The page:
I must take issue with "Adm. Poindexter's Sentence" {editorial, June 13}.

It stated that "a major step has been taken to resolve the Iran-contra affair." However, Adm. Poindexter was sentenced for his role in the cover-up, not for the criminal activity that was covered up. To this day, no one has been punished for:

colluding with drug traffickers to support the contras;

arming the contras, in direct violation of the law;

conducting an illegal propaganda campaign inside the United States in support of the Reagan administration's Central American policies.

Perhaps most serious of all, the fact that the perpetrators of these crimes have largely gone unpunished increases the likelihood that similar actions will be undertaken in the future when it suits a particular administration's purpose. ANN R. MULRANE Washington

The editorial "Adm. Poindexter's Sentence" claims that his sentencing to six months in prison a) will be a major step in "resolving" the Iran-contra affair and b) was "necessary and right." It also makes the point that Adm. Poindexter was "the highest-ranking official to be brought to trial in this case. . . ." This is true only in a technical sense, in that Robert C. McFarlane held the same position of assistant to the president for national security affairs before Adm. Poindexter and during the period when all the important Iran-contra decisions were made and was not "brought to trial" only because he admitted guilt and plea-bargained.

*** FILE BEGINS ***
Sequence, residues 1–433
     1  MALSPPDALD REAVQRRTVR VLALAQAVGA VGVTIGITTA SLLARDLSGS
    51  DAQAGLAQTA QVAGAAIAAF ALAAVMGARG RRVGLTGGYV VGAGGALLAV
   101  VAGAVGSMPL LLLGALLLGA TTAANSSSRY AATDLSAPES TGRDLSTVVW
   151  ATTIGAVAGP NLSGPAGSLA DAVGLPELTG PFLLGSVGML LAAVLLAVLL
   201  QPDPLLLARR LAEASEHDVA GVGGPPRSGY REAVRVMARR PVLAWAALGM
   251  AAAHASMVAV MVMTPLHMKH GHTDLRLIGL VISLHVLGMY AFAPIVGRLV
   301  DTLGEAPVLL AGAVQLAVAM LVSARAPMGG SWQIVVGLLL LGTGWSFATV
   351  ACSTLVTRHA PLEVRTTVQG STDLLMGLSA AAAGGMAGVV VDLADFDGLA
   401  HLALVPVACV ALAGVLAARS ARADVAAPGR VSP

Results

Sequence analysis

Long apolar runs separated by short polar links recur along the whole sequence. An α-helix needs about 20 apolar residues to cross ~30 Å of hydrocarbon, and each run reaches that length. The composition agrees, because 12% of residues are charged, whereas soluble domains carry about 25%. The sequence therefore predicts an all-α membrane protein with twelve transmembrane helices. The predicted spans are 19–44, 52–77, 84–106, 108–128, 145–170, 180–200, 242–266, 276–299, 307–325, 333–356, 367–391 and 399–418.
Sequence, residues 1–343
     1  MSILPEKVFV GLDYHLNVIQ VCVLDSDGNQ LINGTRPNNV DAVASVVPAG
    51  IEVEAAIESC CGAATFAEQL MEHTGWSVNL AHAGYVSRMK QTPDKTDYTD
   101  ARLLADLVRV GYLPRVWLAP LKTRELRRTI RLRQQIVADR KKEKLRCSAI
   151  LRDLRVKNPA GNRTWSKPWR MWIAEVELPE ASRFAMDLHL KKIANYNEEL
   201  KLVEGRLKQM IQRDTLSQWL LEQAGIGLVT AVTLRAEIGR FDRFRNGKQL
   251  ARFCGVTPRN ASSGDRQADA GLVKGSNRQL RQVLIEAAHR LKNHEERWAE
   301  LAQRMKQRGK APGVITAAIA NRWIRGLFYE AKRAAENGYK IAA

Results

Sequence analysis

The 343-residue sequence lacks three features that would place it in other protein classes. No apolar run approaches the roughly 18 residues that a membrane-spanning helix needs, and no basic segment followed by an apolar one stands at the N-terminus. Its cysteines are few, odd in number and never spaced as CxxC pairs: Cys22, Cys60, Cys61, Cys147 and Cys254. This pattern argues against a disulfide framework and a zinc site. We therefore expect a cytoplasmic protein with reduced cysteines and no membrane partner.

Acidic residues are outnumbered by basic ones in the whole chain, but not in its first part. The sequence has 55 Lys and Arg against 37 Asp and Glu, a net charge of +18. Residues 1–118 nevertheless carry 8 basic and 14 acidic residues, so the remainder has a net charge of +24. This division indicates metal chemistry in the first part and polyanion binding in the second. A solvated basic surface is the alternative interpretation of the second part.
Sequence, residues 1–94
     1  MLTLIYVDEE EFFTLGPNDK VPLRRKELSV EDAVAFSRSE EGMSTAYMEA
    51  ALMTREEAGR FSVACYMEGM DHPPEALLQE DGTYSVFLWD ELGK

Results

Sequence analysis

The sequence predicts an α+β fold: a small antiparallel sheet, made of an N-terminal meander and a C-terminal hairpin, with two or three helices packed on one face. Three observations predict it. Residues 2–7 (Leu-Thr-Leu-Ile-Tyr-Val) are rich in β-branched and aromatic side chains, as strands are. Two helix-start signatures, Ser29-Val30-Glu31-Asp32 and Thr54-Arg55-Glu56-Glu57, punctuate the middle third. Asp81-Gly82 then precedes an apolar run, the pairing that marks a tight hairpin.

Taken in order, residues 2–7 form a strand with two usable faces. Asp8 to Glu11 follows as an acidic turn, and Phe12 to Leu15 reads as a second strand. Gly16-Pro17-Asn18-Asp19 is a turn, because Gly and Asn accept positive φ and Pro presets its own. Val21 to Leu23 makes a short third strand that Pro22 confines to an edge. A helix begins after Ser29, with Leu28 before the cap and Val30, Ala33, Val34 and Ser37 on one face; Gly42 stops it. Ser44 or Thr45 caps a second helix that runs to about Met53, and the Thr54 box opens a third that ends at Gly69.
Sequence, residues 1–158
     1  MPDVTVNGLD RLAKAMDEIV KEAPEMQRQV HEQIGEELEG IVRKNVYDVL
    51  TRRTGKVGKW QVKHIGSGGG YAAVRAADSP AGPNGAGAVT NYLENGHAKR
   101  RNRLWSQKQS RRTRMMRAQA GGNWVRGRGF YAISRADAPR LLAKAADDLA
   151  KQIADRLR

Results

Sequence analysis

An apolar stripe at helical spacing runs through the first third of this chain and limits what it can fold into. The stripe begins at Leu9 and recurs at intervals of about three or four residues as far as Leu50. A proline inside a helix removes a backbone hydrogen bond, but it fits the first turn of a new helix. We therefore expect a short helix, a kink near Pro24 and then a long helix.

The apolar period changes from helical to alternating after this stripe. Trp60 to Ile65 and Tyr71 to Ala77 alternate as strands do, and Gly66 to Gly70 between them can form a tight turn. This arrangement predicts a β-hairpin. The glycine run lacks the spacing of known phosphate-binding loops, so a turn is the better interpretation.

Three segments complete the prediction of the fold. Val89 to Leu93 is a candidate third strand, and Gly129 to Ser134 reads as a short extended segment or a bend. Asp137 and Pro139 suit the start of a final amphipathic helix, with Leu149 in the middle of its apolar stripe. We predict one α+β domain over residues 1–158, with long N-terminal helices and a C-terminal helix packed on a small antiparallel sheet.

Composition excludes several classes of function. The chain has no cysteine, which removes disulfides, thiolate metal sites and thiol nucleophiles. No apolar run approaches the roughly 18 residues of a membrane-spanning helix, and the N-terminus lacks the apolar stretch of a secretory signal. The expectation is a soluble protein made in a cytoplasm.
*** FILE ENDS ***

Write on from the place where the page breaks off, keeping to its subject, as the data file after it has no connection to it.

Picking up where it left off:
The sentence was not a major step to resolving anything. The right questions have still not been asked or answered, and some of the major figures in the affair have scarcely been mentioned. The scandal will continue to be aired for years to come.

I'm not sure what The Post means when it says that the sentence was "necessary." It was apparently not necessary, as The Post itself points out, in the case of the other six figures indicted, despite the fact that some of them were much more directly involved and in some cases benefited personally from the whole sordid mess.

It was certainly not "right" for all the reasons outlined above and because those who initiated, directed and authorized the various operations involved have gotten off scot-free or with the mildest slap on the wrist.

It was also not "right" because it was imposed on a fine, highly intelligent and excessively loyal military officer and public official who earned the unstinting respect and affection of all who worked with him and whose only fault is an exaggerated determination to continue to protect those who seem to have no hesitation in abandoning him. He may not be earning thousands or millions making speeches or fronting for corporations, but he has the inexpressibly more valuable treasure of self-respect, as well as the respect of all who have known and worked with him.

NORMAN A. BAILEY Washington The writer is a former special assistant to the president for national security affairs (1981-1984).